Keep your calories down and the flavor up with something summery and fun that features fruit: Try one of these refreshing summer mocktails! > If you’re a beer drinker, choose one that satisfies for fewer calories—like one of these 10 low-calorie beers that actually taste good. >
6. No grill? No problem! Pan sear your meat for a crisp crust worthy of the grill.
If your go-to grill move typically involves heading to a local park, you may not have a grill in your backyard. However, you can get the same flavors you love inside by pan searing your meat to perfection.
Brush a cast iron skillet with oil and turn the burner on high. Make sure to turn on the exhaust fan so your smoke alarm doesn’t go off! Brush a small amount of olive oil on each side of the steak and season liberally with salt and pepper. Once the pan is hot, cook the steak for 90 seconds to two minutes on each side. Then transfer the steak—in the pan—to the oven to bake at 325 degrees for five to seven minutes until medium-rare.
7. Marinate meat to fight cancer.
When you grill meat, compounds called heterocyclic amines (HCAs) are created, according to Natural Medicine Journal. HCAs are considered carcinogens and are said to increase the risk of cancer. However, marinating your meat in herb-infused mixtures, especially ones including rosemary, can decrease the formation of HCAs on your grill by up to 70 percent.
Try this simple, rosemary marinade for beef: Mix a half-cup of red wine vinegar, two tablespoons olive oil, a quarter-cup of chopped rosemary, two crushed garlic cloves and salt and pepper to taste. Marinate the meat for at least an hour, then drain and cook.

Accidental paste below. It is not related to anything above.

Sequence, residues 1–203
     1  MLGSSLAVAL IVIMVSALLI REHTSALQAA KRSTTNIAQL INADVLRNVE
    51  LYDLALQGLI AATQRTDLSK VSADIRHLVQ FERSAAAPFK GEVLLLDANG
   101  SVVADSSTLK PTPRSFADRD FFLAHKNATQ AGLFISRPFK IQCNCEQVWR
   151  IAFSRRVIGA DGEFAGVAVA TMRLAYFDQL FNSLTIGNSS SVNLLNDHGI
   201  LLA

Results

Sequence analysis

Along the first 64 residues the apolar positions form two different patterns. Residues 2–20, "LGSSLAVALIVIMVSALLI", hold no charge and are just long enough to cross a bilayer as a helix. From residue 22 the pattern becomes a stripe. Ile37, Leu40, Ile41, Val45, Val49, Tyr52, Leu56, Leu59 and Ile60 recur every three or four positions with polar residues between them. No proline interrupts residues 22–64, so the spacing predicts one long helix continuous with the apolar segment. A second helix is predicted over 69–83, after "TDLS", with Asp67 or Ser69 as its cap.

8. Grill some fruit for a sweet, surprising dessert.
Grilled watermelon, pineapple, peaches and plums are bursting with flavor: The grilling caramelizes their natural sugar, so the foods taste even sweeter. These delicious and refreshing fruits are packed with fiber and immunity-boosting vitamins. Plus, they are much lower in calories than the sad, melting fare you’ll usually find at a cookout’s dessert table.
Get grilling tips for a variety of different fruits right here on The Leaf! Check out this guide for 10 fruits that taste even better grilled. >
9. Don’t focus just on the food!
Sure, it’s a “cookout” and burgers and dogs are delicious. However, it’s not the reason everyone’s together. We’re finally able to get together. So, have a plate and make sure it satisfies. Sit down, take your time and concentrate on the flavors and textures of these delicious cookout foods. In a recent study, published in the International Journal of Obesity, researchers looked at the eating habits of 60,000 people. They found that eating slowly can decrease the risk of obesity.
When you’re finished eating your healthy barbecue meal, put your focus on those around you. We’ve all been apart so long that this could be easier than ever. But make a point of remembering: This event is about food, yes, but it’s really about being together. So be present and be together (even if it’s six feet apart)!
10. Have a plan for the food and the leftovers.
In most places, the number of people who can gather will be limited in the coming months. Keep this in mind as you shop and cook: You only need enough food for 10 or less people, not for the normal 20 or 30!
But if spreading out a smorgasbord is in your cultural DNA, have a plan in place for the aftermath. Before guests arrive, figure out how many portions of each type of dish you can plan to add to your eating schedule in the following days. If there’s a favorite dessert, salad or entree you’re making, think about when it can fit into your plan. Keep the correct number of pre-measured portions for yourself and your family when guests leave. Then have containers ready for others to take the rest of the leftovers home with them. You’ll have pre-measured treats that fit your lifestyle, and less temptation to pull you off your plan in the days following the fete.